The special allegations are newly discovered matters, and proposed legislation relating to the drainage of the waters which accumulate and remain on the lands of the parties and other lands in the vicinity, which were not set up or considered at the trial of the suit, but are specially referred to in the present bill. The defendant's farm and the plaintiff's cemetery are in the city of Everett, separated by Fuller street, a public way. The land from a high point in the cemetery slopes from south to north across Fuller street and the defendant's farm, and recedes to a low point at a brook or ditch in Malden, running easterly a few rods north of the farm. The brook is a part of the Malden surface drainage system, and is the outlet of a marsh of about one thousand acres about a mile in length lying between the farm on the south and Holy Cross Cemetery on the north. It frequently overflows if there are freshets ‘and excessive tides.’ The marsh or swamp ‘is a health nuisance and the land in and about the swamp is unfavorably affected in value by the presence of stagnant water.’ The lowest part of Fuller street and of the land of the cemetery is at a point between the cemetery and the farm. The summit of Fuller street towards Washington avenue, as shown by the plan in the record, is 19 feet above this point at a distance of 1,213 feet to the east, and the summit towards Lynn street is 20 feet above this point at the distance of 1,680 feet to the west. The city of Everett at this point has built a common ditch or culvert, replacing an ancient culvert, at the northerly end of which the cemetery owns a traingle of land jutting into the farm, and prior to the litigation it had done some grading on this slope above the farm. It constructed paths with a system of drains and catch basins for the disposal of surface water, which waters were discharged through the culvert onto the triangle, and passed from thence to the farm, flowing eventually into the brook or ditch. It is alleged that the defendant, the plaintiff in the action of tort, recovered and was paid damages for five acres of her land thus flowed, as if it had been destroyed, and that no greater flowage has since existed.

[4][5] The defendant demurred to the bill, and, the demurrer having been overruled, the question whether the ruling was right and the bill can be maintained is before us on the report of the judge. While a bill of review grounded on new matter can only be filed by leave of court and the relevancy of the matters relied on is ordinarily well considered before leave is given, yet the defendant may demur, with the same effect as if the bill of review had been an original bill for relief. Cooke v. Banfield, 3 Swanst. 607; Griggs v. Gear, 3 Gilman (Ill.) 2. The demurrer admits all the material allegations. We consider them in the order presented by the pleadings.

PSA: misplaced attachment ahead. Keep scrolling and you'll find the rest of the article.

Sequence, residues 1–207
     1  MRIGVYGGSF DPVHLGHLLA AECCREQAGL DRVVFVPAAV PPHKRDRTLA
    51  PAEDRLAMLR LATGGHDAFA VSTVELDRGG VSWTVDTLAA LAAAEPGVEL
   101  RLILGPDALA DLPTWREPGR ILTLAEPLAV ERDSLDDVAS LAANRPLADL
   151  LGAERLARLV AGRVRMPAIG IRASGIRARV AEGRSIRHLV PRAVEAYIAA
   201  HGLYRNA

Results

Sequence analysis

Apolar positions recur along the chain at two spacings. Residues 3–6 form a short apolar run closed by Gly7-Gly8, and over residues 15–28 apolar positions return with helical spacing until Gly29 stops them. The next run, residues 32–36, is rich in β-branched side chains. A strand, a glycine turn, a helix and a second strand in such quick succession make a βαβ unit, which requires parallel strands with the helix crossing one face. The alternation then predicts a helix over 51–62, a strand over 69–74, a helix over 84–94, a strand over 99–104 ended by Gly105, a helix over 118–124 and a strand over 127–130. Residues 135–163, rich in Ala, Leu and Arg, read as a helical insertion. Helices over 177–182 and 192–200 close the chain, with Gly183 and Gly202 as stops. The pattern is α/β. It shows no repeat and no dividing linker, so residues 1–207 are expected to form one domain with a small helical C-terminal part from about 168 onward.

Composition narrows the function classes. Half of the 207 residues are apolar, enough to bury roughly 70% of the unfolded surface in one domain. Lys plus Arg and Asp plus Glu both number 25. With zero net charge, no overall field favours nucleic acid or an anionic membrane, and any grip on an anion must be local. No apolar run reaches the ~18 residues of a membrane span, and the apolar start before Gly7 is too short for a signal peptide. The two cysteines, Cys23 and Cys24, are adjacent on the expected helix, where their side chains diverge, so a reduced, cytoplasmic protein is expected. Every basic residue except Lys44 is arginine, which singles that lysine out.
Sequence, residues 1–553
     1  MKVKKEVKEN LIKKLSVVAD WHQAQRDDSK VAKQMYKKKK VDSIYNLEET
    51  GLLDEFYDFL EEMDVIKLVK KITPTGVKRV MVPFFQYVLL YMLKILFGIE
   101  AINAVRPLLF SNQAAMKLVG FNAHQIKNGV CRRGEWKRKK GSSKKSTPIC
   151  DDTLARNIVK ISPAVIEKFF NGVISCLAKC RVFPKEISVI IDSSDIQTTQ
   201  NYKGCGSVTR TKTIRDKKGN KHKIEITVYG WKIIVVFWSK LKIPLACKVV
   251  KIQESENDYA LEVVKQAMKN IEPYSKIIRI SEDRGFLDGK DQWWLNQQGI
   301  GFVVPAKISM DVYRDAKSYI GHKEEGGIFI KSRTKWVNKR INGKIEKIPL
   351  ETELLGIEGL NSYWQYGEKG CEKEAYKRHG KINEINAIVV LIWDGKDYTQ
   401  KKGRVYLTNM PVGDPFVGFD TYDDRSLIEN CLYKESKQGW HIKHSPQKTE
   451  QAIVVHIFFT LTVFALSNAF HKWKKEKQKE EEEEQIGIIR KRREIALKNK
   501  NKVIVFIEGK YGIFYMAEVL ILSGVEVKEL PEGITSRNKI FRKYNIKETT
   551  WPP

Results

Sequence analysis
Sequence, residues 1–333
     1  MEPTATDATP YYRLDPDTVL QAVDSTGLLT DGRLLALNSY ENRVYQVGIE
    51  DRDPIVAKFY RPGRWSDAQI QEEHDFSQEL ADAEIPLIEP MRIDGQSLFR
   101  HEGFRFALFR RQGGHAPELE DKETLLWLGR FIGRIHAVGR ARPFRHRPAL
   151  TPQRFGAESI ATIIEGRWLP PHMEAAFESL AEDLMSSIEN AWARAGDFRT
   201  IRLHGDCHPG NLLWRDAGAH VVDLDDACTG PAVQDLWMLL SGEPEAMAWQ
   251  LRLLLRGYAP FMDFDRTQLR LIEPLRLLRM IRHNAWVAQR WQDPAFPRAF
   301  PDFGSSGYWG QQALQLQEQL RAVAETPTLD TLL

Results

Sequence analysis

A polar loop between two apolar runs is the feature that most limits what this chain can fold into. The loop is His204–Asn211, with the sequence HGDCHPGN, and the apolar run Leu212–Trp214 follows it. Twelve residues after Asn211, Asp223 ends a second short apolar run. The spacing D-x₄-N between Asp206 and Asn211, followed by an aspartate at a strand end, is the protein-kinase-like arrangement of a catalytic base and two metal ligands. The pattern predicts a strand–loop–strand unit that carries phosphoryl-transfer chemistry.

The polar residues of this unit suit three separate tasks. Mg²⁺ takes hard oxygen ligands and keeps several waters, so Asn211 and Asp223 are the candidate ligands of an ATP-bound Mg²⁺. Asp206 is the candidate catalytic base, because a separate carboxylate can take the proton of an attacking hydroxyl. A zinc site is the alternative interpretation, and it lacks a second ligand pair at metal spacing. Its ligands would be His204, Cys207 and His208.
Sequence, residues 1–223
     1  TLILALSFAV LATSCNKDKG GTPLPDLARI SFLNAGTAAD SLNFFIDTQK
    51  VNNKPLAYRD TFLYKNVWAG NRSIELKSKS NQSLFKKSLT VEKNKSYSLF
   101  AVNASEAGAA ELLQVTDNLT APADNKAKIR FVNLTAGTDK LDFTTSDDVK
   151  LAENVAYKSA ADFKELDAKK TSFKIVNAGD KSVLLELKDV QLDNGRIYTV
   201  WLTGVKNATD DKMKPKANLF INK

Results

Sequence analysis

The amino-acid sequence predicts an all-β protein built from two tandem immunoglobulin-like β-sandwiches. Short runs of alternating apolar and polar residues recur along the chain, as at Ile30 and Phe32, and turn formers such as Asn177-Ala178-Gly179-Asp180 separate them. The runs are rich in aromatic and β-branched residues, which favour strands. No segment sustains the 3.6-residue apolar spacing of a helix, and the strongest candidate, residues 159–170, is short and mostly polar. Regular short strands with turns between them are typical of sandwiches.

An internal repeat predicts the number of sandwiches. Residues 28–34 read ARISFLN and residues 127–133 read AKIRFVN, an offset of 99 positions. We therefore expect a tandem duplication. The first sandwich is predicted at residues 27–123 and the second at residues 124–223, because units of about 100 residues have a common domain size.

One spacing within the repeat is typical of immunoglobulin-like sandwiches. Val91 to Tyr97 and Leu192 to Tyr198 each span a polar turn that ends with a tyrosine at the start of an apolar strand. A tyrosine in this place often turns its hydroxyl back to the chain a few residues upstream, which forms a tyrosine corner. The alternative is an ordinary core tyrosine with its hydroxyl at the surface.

[6] The allegations in paragraphs 5 and 6 and the first sentence of paragraph 7 in substance are recitals of the issues raised in the action of tort, and the extent and measure of damages therein recovered, with a reference to the bringing of the suit in equity. The second sentence of paragraph 7 is that laches was not set up in the answer of the corporation owing to ignorance of some or all the facts, and was only discovered since the decree after rescript, and that the plaintiff should have the advantage of the defense. The title of the defendant however has not been divested, and she has the right to enjoy and use her property unmolested by the tortious acts of the plaintiff. It is not pointed out how laches can be a defense to a continuing trespass or nuisance as determined by the decree which was affirmed by this court.

[7][8] Paragraph 8 alleges that the plaintiff in good faith has sought to buy from the defendant the portion of her land affected by the discharge of water from the plaintiff's premises, or to purchase sufficient land for the construction of a...